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Updated: 24 Jun 2021

Best 3D printers

The lowdown on 3D printers, including how they work and what you can make. Plus, we look at 3D printer brands such as MakerBot and Formlabs.
Andrew Laughlin
Best 3D printers

As the name implies, 3D printers print in three dimensions. Rather than printing images on a flat piece of paper, they can print 3D objects and shapes using plastic, metal, wood or even edible food.

The most advanced and versatile 3D printers are used in industry, but more basic home 3D printers - that print in plastic only - are just about cheap enough to be worth considering.

With a 3D printer you can transform 3D models created on a computer (either from a downloadable pattern or one you’ve designed yourself) into real-world plastic objects.

You can print everything from phone cases to figurines, jewellery to laundry baskets. However, the quality can vary immensely and you may struggle to find much practical use at home for a 3D printer.

Looking for a great 2D printer for cheap printing on good old-fashioned paper? See all the inkjet and laser printers we've tested in our printer reviews

MakerBot Replicator

MakerBot is one of the best known and most established 3D printer brands. It offers a wide range of different 3D printers, including the Makerbot Replicator Mini+ and the Makerbot Replicator+, along with the Makerbot Replicator Z18, aimed at professionals. Makerbot’s Replicator uses a spool of Polylactic Acid (PLA) filament to print objects layer by layer on a printing plate.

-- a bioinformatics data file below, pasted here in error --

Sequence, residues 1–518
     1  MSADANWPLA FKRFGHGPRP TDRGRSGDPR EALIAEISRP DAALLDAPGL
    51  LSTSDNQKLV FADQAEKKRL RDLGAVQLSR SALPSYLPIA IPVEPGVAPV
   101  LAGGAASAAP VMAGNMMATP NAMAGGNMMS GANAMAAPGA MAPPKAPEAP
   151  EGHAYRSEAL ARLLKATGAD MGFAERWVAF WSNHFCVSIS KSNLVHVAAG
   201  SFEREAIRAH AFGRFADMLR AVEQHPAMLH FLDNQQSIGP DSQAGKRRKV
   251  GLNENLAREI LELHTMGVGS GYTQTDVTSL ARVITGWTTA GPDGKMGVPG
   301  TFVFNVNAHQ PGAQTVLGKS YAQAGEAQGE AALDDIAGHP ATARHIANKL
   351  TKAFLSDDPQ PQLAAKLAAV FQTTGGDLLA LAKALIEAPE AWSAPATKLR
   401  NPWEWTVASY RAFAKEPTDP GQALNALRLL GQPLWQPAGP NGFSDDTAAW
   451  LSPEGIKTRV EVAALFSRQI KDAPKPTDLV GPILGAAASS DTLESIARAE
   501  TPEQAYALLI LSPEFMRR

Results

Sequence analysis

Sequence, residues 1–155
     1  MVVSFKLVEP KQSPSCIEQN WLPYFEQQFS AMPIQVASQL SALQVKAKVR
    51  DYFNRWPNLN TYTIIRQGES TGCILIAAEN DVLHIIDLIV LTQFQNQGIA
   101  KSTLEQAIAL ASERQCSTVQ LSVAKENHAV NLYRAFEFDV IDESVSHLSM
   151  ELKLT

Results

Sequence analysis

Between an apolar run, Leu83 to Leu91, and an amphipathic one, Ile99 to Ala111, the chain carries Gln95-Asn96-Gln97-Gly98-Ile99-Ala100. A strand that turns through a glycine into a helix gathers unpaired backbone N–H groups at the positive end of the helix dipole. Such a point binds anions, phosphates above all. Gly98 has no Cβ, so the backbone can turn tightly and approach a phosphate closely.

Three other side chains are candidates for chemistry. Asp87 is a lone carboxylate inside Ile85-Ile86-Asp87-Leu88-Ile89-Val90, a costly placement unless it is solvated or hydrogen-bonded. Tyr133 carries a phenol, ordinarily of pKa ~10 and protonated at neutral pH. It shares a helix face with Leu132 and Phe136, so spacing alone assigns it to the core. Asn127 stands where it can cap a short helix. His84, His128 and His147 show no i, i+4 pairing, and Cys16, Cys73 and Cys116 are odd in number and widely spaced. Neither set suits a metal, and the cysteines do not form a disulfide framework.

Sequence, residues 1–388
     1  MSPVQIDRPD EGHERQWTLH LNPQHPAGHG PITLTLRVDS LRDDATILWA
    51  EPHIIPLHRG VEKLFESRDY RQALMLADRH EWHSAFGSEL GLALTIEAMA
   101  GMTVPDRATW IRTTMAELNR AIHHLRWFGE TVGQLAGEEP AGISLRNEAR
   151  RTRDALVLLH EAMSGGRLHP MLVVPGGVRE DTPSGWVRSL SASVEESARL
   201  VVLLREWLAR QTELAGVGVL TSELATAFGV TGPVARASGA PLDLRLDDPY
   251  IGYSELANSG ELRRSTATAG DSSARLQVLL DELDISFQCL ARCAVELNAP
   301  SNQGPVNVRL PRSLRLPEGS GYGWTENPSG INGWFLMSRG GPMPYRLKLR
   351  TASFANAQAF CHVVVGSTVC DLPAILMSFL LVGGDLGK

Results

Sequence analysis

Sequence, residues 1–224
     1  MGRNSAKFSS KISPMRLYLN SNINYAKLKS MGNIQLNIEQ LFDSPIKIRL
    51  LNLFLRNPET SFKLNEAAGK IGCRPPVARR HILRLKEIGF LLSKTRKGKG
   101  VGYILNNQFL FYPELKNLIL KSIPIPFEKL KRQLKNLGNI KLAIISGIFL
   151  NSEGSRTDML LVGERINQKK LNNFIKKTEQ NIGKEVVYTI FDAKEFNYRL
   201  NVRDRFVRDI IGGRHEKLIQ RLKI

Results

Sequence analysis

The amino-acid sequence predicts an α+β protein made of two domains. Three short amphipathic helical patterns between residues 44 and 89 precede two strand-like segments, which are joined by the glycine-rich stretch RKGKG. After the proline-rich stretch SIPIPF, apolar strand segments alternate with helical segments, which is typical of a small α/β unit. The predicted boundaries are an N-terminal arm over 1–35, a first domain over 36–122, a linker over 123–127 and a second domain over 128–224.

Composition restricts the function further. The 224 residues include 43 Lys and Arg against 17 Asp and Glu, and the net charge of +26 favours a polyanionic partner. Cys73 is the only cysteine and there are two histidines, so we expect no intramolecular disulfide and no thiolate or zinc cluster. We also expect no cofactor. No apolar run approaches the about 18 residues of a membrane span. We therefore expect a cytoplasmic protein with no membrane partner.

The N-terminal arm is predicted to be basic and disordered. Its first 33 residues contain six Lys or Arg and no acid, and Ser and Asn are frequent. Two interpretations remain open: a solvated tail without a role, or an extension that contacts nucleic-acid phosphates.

They typically have a range of different quality settings, but you’ll pay for the privilege of owning one. The cheapest Makerbot Replicator Mini+ costs well over £1,000. Alongside its 3D printers, MakerBot also operates the Thingverse community for sharing 3D printing designs. 

Cubify Cube

The Cube’s party piece is printing two colours at one time, using two different spools of PLA or ABS plastic. What’s more, each spool comes fitted with a brand new print jet, reducing the likelihood that prints will be spoilt by the accumulation of molten plastic debris in the head. 

Made by 3D Systems, the Cube prints a column of plastic alongside your print as a means of cleaning the head with every layer. While that raises the cost of your print, it also makes it more likely that you’ll get a usable result. It can produce objects of up to 15cm cubed. You can pick up a Cubify Cube 3 now for around £1,000.

Da Vinci Jr.

At just under £300, the DaVinci Jr. is one of the cheapest consumer 3D printers available. While it lacks the ability to print multi-coloured objects or more complex shapes, it’s simpler and easier to use than other 3D printers. 

It has two print modes for quick drafts or more precise, high-detail work. It’s slower and uses more PLA plastic in the latter mode, but you can still get impressive results. The manufacturer’s site hosts plenty of ready-made designs, plus a good library of tutorial videos to get you started.

CEL Robox

This £1,000 printer can create a huge number of different designs. We found that it requires less time to set up than many other printers, but the calibration process is fiddly. 

Small objects print quickly, but larger objects take time just to transfer to the printer, let alone print them. Plus, while the printing plate is heated to prevent the base of objects curling up, this doesn’t always stop them doing so. In fact, we weren’t all that impressed with the final quality when we tried this 3D printer, although we haven’t checked out the more recent versions released by the brand.


While most 3D printers heat plastic from a spool and squirt the molten material out onto the printing plate, Formlabs' Form printers use lasers to harden a layer of resin in the correct shape, building up the object layer by layer. This creates very detailed prints, and the software supplied estimates how long the finished print will take. Unfortunately, this tends to be a very long time.